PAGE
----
DALLAS - Former first lady Laura Bush says in her new book that she lost her faith for many years after her pleas to God to spare the life of a high school classmate whose car she hit were not answered.

Bush talks in detail for the first time publicly of the accident she was involved in as a 17-year-old in Midland, Texas, that killed her friend Mike Douglas. She says she and a girlfriend were on their way to a drive-in theater on Nov. 6, 1963, when she ran a stop sign and hit Douglas' car.

The memoir, "Spoken from the Heart," is set for release next week. A copy of the 456-page book was obtained by The Associated Press.

Bush says that in the emergency room after the accident, she could hear Douglas' mother sobbing on the other side of a curtain. Guilt over the accident consumed her for years, and she regretted not visiting Douglas' parents following the accident.

Bush says that when she became a mother, she began to fully understand what his parents had gone through. She says that after a high school classmate of her twin daughters' committed suicide, she insisted that they visit the friend's parents.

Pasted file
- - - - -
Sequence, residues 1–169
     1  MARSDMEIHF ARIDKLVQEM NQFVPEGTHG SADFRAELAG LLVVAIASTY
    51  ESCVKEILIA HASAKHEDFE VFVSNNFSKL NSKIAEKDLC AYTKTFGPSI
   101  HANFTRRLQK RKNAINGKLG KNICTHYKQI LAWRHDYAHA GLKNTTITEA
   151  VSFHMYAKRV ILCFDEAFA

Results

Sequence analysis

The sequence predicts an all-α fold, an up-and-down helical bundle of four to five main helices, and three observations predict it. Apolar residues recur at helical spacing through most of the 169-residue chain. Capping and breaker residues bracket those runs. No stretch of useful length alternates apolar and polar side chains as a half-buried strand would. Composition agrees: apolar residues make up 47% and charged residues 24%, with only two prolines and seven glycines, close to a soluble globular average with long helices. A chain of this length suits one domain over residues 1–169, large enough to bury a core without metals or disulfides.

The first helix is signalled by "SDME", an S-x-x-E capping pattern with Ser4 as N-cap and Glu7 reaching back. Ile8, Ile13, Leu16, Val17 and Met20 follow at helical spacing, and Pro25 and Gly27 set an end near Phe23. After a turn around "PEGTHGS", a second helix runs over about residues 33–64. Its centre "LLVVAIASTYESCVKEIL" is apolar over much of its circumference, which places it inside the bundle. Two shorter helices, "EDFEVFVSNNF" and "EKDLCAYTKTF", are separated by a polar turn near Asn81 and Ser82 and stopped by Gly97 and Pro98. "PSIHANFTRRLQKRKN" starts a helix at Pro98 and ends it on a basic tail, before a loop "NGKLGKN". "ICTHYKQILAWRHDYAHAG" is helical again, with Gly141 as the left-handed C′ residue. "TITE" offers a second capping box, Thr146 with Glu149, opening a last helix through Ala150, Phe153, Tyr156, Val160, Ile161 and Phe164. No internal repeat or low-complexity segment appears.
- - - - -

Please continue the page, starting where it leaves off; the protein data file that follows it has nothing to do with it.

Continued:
One of the persistent questions about Laura Bush has been whether she is more liberal than her husband. In the book, she refers to this line of inquiry as "an odd sort of Washington parlor game" that wearies her.

On gay marriage, she writes that before the beginning of the 2004 presidential campaign, "I had talked to George about not making gay marriage a significant issue. We have, I reminded him, a number of close friends who are gay or whose children are gay. But at that moment I could never have imagined what path this issue would take and where it would lead."

The memoir, which was written with Lyric Winik, who is married to historian Jay Winik, includes a look at some pointed choices by Bush and some unflinching honesty.

Her guilt for flying through a stop sign at the wheel of her father's car and killing one of her close high school friends persists, she writes of the car crash when she was 17. "And the guilt isn't simply from Mike dying . . . . There are the hard, inner circles wrapping around Mike's parents and Mike's sister, whose lives were changed and ruined." There is guilt for having never paid a call to the parents.

She "lost her faith that November, lost it for many, many years," she writes, and she doesn't refer to getting it back.

With The Washington Post

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